portraying a strong shared vision carried out with the utmost care and
precision. The character design is memorably differentiated, from
Coraline's flat-topped head, to the spindly acrobatics of Mr. Bobinsky.
The Other World's button-eyed characters provide an unsettling jolt
every time they appear. The Other Mother's evil incarnation
looks like she came straight from a Camille Rose Garcia painting -
an interesting connection, given Garcia's abiding interest in the
dangers of escapism.
Even without a strong story,
it would have been a noteworthy film. But Selick's adaptation
retains the power and disturbing tones of Gaiman's source novella,
while beefing up the narrative a bit for the feature-length nature of
the project. While technically and visually amazing, Coraline
is a rounded, fleshed-out film, marked by a focus on the aforementioned
themes, and driven by real, full-bodied characters.
This review is of the 2-Disc Collector's Edition. The discs
are housed in a standard single-width keepcase, with a card slipcover.
Inside the keepcase are four sets of 3D glasses wrapped in cellophane.
The first disc is a flipper, and contains two versions of the film,
one in 2D and one in 3D. Both transfers are anamorphically enhanced
1.78:1 images. I regret missing the 3D version in theaters, because
Coraline was shot in true stereoscopic 3D. Unfortunately,
the 3D effect did not work for me on DVD. I don't know whether
the problem was my eyesight, the glasses provided, my television, or
the transfer - but I tried watching the 3D version for fifteen minutes
and all I got was a headache. The colors were extremely muddy,
images somewhat blurred, and 3D effects minimal. I applaud Universal
for the effort, but it didn't work for me. I hope other viewers
have better luck with this. In fact, I'd like to hear from readers
about their experience with the 3D option.
The 2D option, however, is
a great success. The color palette is in full bloom here, with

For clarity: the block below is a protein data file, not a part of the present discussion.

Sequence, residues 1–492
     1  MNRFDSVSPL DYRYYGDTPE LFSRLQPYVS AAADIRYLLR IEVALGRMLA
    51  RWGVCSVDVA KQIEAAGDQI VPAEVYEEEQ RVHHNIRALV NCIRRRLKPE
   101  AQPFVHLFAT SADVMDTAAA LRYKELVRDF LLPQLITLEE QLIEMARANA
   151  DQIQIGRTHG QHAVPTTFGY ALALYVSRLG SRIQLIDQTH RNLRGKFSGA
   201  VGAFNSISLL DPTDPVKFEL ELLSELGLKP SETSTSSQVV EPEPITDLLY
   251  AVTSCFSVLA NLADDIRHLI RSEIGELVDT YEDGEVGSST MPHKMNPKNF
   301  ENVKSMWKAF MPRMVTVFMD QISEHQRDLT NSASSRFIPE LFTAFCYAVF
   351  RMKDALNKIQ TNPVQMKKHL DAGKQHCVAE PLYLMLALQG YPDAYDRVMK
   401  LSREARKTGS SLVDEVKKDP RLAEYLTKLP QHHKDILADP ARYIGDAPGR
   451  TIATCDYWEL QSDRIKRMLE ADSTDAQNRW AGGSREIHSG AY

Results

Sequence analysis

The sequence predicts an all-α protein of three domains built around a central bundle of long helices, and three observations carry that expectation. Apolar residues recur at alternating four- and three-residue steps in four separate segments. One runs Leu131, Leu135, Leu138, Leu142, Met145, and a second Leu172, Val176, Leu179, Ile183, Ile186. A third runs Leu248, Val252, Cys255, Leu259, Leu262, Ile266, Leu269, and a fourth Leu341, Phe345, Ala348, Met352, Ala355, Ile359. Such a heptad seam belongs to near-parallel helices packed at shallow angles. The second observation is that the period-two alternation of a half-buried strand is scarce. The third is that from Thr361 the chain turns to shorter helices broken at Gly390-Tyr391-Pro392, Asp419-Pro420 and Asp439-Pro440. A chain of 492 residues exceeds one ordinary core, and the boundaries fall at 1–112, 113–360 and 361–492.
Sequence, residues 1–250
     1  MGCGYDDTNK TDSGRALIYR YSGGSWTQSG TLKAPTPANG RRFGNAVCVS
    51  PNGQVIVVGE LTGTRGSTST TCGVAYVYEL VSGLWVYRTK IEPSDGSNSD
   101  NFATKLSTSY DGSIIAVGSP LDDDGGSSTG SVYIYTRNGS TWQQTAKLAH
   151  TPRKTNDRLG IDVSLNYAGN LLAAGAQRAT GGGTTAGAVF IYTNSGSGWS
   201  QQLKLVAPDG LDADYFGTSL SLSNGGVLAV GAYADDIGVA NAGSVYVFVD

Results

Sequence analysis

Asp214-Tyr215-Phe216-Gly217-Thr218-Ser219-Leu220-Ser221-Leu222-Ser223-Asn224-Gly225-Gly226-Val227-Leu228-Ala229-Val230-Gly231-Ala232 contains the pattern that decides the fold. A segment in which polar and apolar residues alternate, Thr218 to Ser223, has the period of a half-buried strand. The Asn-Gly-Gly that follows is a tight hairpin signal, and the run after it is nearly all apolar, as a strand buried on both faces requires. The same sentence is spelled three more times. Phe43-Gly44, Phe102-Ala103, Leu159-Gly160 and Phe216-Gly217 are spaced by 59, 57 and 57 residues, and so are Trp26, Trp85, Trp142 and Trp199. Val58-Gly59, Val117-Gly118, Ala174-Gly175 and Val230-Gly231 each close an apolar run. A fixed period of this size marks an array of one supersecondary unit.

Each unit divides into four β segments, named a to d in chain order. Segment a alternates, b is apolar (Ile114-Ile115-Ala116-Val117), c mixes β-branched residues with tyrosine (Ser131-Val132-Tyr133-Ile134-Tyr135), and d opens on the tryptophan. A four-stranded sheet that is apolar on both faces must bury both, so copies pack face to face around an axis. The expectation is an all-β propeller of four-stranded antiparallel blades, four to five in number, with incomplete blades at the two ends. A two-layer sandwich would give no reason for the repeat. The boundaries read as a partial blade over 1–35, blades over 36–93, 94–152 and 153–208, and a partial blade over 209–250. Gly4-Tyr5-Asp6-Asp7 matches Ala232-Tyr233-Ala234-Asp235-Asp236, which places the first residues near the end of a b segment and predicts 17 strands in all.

rich detail and solid blacks. There were a few moments where I
caught moiré effects and other minimal artifacts, but generally this
is a lovely transfer that diligently recreates the art of the animators.
There are three Dolby Digital 5.1 mixes: in English, French, and
Spanish, each with its own set of subtitles. The English track
doesn't make enormous use of surround effects, but is nonetheless
very clear, with a broad, immersive soundstage. Music, effects,
and dialogue are balanced extremely well, with none being lost beneath
the other. The striking musical score by Bruno Coulais mixes an
eclectic orchestral sound with choral vocals sung in a nonsense language,
and is worth a listen on its own.
A fair but not overwhelming
group of extras has been assembled by Universal. On disc one is
a commentary track featuring Henry Selick and Bruno Coulais.
However, Selick speaks for the film's entirety, with Coulais relegated
only to the end credits. Nonetheless, it's a good track, with
Selick speaking almost nonstop, detailing every aspect of the film's
On the bonus disc, we have
an oddly-edited selection of deleted scenes with introductions
by Selick (8.50). There is also The Making of Coraline
(35:56), a solid behind-the-scenes featurette that illustrates the
enormous effort of a very large crew in getting Coraline to the
screen. Finally, Voicing the Characters (10:46) shows how
the voice actors were directed, and how their performances informed
the animation process. Finally, a digital copy of the film
is included for both PC and Mac users.
Coraline is a richly
realized film, dense with visual detail and unusually strong characters
and themes. Despite my difficulty with the 3D option on this DVD,
the technical presentation is very good, and the extras are enlightening
even if they are few. I will keep my fingers crossed that Coraline's
success encourages other filmmakers to experiment with stop-motion.
Casey Burchby lives in Northern California: Twitter, Tumblr.